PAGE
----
Ben Barka’s Nightmare

“Once upon a time, there was a Sultan who had a beautiful elephant, whom he adored. Much to the dismay of the local population, the animal wandered freely in the city of Fez, causing every day, enormous damage. Gathering all their courage, the people of Fez decided to send a delegation to the palace to present their grievances. On its way, the delegation lost most of its members. All but two daring delegates, who courageously came before the Sultan: “Majesty, you own an elephant so charming that the people of Fez are happy to offer it the company of a female.”

This is a story, reportedly, the late internationalist Moroccan opposition leader, Mehdi Ben Barka, liked to tell his young comrades (see page 299 of Gilles Perrault’s Notre ami le roi -Folio – 1990), whilst teaching them the merits of democracy and freedom.

Mehdi Ben Barka: a Spirit that Refuses to Die

Mehdi Ben Barka: a Spirit that Refuses to Die

With an unflinching belief in the future, Ben Barka’s generation, inspired by an international drive for emancipation, helped pull the country from its feudal past, and, bearing tremendous sacrifices, despite a reluctant and brutal regime, helped plant the seeds of a modern state.

Forty four years after his abduction in Paris, which anniversary we’ll be commemorating tomorrow, needless to say that the elephant still tramples on the holy mess of Moroccan public and political life, with even more damage than what ever Ben Barka could have envisaged.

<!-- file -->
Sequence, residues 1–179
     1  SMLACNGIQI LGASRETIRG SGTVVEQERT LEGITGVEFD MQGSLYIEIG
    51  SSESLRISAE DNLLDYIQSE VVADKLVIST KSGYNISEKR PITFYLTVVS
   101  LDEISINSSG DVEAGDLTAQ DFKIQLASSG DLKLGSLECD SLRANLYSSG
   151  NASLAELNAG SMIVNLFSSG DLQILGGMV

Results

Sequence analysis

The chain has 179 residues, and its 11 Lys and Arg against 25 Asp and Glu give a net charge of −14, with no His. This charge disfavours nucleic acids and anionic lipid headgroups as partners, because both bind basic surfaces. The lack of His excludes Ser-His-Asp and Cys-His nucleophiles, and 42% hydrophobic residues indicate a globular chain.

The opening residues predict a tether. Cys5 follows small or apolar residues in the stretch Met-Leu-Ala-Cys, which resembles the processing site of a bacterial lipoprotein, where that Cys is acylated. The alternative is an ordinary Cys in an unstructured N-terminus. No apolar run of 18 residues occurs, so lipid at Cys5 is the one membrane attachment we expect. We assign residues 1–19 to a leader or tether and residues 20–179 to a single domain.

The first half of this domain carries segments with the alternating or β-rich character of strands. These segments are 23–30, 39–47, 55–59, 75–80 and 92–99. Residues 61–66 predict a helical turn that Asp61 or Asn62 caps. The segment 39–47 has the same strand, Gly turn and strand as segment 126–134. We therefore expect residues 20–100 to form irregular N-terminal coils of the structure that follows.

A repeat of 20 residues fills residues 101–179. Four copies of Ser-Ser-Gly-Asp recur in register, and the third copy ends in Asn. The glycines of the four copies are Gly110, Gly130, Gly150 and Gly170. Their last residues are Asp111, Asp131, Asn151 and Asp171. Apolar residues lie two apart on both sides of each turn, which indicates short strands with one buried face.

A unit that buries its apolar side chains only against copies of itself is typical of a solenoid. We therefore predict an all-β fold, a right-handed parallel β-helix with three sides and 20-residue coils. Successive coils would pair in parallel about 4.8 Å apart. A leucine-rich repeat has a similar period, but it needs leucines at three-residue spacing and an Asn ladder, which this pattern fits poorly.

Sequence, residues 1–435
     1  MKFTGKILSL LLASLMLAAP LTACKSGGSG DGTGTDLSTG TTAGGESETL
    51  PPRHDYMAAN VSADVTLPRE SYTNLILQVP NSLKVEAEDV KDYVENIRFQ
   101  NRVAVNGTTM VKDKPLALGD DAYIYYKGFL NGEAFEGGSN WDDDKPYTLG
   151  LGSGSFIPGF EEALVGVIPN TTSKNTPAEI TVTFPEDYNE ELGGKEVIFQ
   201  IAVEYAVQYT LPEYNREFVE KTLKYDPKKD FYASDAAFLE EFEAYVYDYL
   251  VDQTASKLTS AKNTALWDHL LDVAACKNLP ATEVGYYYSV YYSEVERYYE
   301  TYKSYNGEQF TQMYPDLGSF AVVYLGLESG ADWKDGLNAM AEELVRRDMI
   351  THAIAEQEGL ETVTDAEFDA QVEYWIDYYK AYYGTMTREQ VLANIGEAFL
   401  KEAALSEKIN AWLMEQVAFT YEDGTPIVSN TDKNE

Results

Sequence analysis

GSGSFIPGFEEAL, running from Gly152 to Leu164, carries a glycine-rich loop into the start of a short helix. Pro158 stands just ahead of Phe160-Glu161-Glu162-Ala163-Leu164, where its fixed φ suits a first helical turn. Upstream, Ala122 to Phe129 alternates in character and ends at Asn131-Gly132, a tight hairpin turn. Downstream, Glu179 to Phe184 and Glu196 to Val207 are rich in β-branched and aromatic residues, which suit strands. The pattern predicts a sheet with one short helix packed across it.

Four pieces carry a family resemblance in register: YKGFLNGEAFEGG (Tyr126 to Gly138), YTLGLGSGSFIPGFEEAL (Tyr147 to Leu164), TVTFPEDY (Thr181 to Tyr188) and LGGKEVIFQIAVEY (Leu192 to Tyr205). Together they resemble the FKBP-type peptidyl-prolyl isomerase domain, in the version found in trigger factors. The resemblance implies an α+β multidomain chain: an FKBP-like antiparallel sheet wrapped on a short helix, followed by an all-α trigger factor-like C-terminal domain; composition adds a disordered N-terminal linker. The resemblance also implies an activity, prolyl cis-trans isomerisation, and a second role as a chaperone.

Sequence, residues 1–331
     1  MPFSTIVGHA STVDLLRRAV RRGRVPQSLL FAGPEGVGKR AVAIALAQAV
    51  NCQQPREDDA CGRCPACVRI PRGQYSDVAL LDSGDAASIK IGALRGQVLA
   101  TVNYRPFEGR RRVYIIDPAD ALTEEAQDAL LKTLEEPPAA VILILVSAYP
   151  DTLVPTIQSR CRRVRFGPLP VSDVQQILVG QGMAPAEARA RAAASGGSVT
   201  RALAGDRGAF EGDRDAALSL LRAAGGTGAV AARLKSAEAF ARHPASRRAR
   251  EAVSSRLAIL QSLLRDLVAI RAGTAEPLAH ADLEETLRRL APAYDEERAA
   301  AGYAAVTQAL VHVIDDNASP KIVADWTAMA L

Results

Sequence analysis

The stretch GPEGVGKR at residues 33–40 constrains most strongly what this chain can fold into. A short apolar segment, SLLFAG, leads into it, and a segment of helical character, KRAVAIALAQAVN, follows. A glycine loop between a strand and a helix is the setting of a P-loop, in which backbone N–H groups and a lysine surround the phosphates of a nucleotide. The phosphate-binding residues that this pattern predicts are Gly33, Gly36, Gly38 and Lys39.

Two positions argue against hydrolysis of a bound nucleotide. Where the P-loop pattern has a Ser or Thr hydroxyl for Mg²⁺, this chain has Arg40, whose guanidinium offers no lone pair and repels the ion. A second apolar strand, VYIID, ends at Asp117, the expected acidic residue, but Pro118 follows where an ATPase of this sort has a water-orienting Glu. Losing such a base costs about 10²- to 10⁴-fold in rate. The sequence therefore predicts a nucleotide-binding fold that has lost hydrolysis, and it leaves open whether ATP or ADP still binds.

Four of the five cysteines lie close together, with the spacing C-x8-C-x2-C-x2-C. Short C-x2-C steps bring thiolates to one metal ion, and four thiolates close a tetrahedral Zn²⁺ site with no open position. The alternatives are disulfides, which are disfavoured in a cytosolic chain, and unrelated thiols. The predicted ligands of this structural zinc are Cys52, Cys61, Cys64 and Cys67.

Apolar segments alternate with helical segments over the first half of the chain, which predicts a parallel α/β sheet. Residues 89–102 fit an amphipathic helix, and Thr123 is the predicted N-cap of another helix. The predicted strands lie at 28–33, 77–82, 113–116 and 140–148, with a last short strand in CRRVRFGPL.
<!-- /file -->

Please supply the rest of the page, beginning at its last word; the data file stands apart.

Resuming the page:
What started as a benign transition toward a brighter, liberal and free Morocco, looks now more like a cheesy play, where protagonists, stuck in an empty theater and exhausted by a boring story that repeats itself again and again, try to convince themselves that their master will end their torments one day. But this never happens.

On a weekly basis, journalists are being dragged before judges, handed down prison sentences, financially asphyxiated and treated like criminals. During the dark era when Ben Barka and later on, leftists were tortured or put to death, there was at least one man in charge. Hassan II was a cruel despot, no doubt, but at least he didn’t lack neither presence, nor charisma, nor ingenuity in crime. Today, the feeling is of a shady group of powerful and privileged, who are pulling the strings, lurking in an inner circle close to the king, who seems to be the last one to know when his own subjects are beaten up in his name. Giving way to an insidiously dangerous perception of a ship without a captain.

And whilst the truth about the assassination of Mehdi Ben Barka still is one of the most guarded state secrets, the spirit of the man will keep haunting us, inspiring generations upon generations of Moroccans who no longer want to be considered as mere subjects of his majesty. Citizens who have the courage to point at the elephant and say: this is wrong!

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